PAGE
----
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What is an Annual Percentage Rate?

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  • Written By: wiseGEEK Writer
  • Edited By: O. Wallace
  • Last Modified Date: 26 October 2018
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When you take out a mortgage or a large loan, you are often told what your annual percentage rate (APR) will be. It’s especially important to know this, since the APR can differ significantly from the percentage rate the company advertises. Many countries, including the US and Canada require lenders to state the APR so that consumers can make informed choices about the amount of interest they can reasonably expect to pay.

The annual percentage rate on a mortgage doesn’t just include interest and compound interest, but it also includes other costs. Generally, fees like points, loan fees, closing costs, and loan origination fees will be included. The APR may also include the cost of mortgage or life insurance, any fees charged by attorneys or notaries, and fees charged for applying for a loan.

One of the things you’ll generally see included in the annual percentage rate is the amount of interest you might prepay. For instance, some loans are scaled so that when you begin making payments, more of the loan is first applied to interest than it is to the principal. Over time, your payments pay more to the principal and less interest, but if you’re paying a significant amount of interest in the beginning, this must be included in the APR.

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When you have credit card loans the annual percentage rate is an estimate and not an actual figure. This type of loan allows you to borrow money again once you’ve paid it off, and is better figured by judging the effective annual rate. If you repeatedly borrow money, your interest, which is compounded monthly, is going to gradually increase the total amount of money you owe. Credit card companies may not include penalties from late payments or exceeding the limit of your loan in the effective annual rate or the APR.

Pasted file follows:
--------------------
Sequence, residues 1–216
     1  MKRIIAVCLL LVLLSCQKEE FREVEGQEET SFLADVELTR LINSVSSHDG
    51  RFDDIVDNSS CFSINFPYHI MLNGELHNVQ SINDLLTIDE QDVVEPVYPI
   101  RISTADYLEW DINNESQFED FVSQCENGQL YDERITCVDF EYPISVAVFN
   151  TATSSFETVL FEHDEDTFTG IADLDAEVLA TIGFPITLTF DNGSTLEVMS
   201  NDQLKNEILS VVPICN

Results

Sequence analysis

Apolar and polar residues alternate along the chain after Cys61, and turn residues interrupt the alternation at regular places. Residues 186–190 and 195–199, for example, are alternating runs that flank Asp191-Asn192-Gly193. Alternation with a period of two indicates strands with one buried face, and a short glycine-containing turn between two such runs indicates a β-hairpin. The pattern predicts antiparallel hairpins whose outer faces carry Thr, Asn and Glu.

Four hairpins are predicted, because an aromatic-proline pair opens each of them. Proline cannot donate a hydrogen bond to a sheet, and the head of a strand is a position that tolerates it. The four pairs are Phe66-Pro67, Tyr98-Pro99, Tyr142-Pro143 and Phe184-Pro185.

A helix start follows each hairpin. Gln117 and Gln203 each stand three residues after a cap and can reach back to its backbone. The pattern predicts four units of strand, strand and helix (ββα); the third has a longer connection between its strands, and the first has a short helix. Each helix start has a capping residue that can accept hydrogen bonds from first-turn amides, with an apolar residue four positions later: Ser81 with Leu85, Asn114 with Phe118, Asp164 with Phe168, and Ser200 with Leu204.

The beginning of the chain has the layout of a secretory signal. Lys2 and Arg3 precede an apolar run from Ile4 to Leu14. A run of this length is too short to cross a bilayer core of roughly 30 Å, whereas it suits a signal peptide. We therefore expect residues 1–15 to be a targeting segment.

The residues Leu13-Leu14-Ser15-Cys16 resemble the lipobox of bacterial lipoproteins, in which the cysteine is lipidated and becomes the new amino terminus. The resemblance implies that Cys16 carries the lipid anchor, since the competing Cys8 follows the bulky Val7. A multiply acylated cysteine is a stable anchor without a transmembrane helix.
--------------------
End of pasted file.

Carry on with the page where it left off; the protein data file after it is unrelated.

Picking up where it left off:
You should not use only the annual percentage rate to judge the quality of any type of loan. It’s a good first step comparison between different lenders, but it won’t completely represent the cost of borrowing money. It can leave out some important fees, and a lower APR can sometimes be correlated with paying more than the value of something you purchase. You might get a bad deal when you buy a house that seems good because the annual percentage rate on the house is lower. In reality, you’re making up for the lower APR by paying more for the house than you should.

It is very important to evaluate certain types of loans for annual percentage rate that are interest only loans. These loans require you to pay back the interest on the home prior to ever paying any part of the principal. Since you haven’t made a dent in the original loan, you will pay considerably more by using an interest only loan, because you will keep getting charged interest on a principal that remains the same. When you can, take a loan or mortgage that allows you to pay part of the principal. The amount of interest you pay will decline as you pay part of the money you owe each month, resulting in less overall money paid out to pay back the loan.

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